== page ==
May 20, 2015
Chorillos, near Lima - Today was divided between two schools. This morning we were at Newton College, a very blue chip school even further away than El Colegio Peruano Britanico. Traffic was predictably horrible. Again. Did I mention that the access road into our neighborhood is two way traffic? I mean, two way traffic in every lane. Or that corner gas stations are routinely used as thoroughfares? Or that “La Mano de Dios” is actually the name of one of the taxi companies? Basta.
We barely squeaked into Newton on time only to find that our contact teacher was absent due to a death in the family. It’s always a little disconcerting when even the secretaries are unclear about what’s happening. But they were on top of finding out. They put their heads together and were addressing the problem in no time. After everything got sorted we were escorted to the auditorium where students were even then filing in. It was at this point I was introduced to Rowan, one of the teachers at the school. I mentioned to him that he shared a name with my daughter and he seemed surprised. But my performance was waiting so we put off further discussion for later.
But then the earthquake alarm went off. Not a drill, mind you. This was an alarm triggered by a living, trembling earthquake. A common occurrence along the Andes. One of the teachers turned to me and said, "Welcome to Peru." Those of us in the auditorium never felt anything, but other folks in the school building had. The routine was much like a fire drill back home. All of the students in the school filed out and gathered in the playing fields. That all seems fine if the buildings are still standing. But I couldn't help but wonder if this was a practical plan when the big one comes.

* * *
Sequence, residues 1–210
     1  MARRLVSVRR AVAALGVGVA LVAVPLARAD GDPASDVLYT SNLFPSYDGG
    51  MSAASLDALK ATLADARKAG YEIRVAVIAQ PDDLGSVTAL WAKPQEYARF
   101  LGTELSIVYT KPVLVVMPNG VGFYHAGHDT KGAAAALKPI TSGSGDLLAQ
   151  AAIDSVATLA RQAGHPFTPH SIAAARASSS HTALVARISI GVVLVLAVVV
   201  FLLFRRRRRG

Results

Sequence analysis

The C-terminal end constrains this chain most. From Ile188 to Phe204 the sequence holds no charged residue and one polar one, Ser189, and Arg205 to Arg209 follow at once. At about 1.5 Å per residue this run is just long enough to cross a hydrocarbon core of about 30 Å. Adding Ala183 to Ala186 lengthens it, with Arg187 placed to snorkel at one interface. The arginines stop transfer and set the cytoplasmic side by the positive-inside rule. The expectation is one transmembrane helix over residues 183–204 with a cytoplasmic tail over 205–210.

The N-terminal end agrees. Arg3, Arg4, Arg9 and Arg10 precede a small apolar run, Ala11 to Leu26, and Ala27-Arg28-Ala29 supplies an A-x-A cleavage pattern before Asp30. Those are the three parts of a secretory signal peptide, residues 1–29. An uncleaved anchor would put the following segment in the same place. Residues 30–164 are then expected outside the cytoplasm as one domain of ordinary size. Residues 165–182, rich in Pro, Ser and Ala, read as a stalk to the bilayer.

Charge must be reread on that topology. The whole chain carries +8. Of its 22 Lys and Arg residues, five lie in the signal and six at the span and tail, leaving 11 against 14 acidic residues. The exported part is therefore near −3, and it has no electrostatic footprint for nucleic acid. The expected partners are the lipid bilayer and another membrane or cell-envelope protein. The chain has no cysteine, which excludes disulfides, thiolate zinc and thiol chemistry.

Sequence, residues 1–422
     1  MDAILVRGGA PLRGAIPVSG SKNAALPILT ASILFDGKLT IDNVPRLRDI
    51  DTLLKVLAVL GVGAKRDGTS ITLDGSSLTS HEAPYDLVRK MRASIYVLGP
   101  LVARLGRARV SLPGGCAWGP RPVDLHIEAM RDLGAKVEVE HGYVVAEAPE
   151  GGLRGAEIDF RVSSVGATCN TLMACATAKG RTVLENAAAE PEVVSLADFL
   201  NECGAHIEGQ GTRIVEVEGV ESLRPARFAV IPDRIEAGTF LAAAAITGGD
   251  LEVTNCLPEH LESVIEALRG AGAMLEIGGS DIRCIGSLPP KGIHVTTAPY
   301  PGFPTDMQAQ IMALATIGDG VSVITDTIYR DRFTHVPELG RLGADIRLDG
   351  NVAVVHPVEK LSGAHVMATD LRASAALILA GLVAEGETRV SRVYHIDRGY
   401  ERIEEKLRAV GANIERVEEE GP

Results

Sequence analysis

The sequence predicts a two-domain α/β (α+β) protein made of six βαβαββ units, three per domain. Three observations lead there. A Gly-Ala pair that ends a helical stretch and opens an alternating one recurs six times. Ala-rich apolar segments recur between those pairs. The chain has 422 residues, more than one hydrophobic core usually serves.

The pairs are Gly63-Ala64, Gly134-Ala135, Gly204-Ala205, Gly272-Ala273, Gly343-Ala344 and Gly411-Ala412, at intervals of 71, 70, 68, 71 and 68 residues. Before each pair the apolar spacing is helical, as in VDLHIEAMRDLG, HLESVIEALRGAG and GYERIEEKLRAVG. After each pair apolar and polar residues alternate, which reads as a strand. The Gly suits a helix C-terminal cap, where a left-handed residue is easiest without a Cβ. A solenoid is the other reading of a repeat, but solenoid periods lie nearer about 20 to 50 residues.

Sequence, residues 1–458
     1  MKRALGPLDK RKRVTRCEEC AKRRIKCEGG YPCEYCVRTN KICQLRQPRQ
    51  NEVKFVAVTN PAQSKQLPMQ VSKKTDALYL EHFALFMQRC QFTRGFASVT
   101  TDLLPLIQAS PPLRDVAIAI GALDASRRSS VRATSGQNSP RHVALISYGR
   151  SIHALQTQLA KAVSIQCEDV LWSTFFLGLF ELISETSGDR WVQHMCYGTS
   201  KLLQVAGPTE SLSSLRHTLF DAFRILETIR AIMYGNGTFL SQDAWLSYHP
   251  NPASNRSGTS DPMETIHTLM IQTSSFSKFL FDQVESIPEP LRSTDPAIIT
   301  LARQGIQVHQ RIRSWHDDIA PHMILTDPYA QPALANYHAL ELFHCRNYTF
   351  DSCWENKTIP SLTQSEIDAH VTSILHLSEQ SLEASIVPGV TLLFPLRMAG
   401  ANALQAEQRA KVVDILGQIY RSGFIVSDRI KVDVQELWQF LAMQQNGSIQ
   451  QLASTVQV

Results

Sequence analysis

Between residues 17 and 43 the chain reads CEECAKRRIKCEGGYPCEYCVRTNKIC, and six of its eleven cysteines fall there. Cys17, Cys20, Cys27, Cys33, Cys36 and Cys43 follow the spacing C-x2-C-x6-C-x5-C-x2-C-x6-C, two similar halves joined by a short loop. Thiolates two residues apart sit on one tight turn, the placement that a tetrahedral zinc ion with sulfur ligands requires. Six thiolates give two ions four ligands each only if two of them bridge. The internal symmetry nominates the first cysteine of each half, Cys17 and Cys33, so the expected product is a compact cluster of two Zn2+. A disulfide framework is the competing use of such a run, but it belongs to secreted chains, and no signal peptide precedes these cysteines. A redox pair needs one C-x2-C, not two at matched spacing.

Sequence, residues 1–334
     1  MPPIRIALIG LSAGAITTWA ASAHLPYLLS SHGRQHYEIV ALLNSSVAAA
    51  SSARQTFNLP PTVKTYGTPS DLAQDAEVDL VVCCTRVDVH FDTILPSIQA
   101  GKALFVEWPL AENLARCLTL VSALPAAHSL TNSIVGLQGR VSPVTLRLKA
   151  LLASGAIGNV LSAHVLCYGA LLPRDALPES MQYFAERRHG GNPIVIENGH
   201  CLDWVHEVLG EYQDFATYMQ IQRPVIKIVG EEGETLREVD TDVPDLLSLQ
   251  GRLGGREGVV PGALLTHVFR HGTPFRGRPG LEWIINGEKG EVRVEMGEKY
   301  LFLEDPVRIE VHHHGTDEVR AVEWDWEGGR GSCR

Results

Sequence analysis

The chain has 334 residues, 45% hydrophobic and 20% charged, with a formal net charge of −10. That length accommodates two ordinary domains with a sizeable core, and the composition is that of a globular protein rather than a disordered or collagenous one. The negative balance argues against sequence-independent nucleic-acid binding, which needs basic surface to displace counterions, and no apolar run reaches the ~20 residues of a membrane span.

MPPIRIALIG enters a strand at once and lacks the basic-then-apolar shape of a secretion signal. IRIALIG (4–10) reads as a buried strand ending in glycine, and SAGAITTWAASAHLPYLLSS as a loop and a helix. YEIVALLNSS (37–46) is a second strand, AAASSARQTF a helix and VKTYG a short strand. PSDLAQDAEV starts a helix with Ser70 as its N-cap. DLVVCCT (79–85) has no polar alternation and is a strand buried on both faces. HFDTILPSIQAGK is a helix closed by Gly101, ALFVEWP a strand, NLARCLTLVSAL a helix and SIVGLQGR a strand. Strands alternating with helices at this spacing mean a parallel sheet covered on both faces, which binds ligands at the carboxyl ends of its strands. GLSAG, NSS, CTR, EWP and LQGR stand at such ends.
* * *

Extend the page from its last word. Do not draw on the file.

We all hung around outside for a bit while teachers did a head count. I’m not sure what exactly constitutes an “all clear,” but at some point everyone decided it was OK to head back in. So we did, and I was able to get my first two programs of the day delivered with creditable aplomb. Further conversation with Rowan revealed that his name was actually Rohan, as in “Riders of…” But I took his picture anyway.
My next two programs weren’t until 3:00 pm, so Pablo and I headed home, made some pasta for lunch and took a rest. On our way to the afternoon programs at El Colegio Franco Peruano we passed some interesting topiary, an elephant and an eagle?It looked like a duck to me.
El ColegioFranco Peruano is a bilingual school, but it’s bilingual in Spanish and French. English is an elective. For a while Pablo (who lived in France for a while) and I were conversing in all three languages with a few of the teachers, often times changing languages mid sentence. I love that kind of stuff.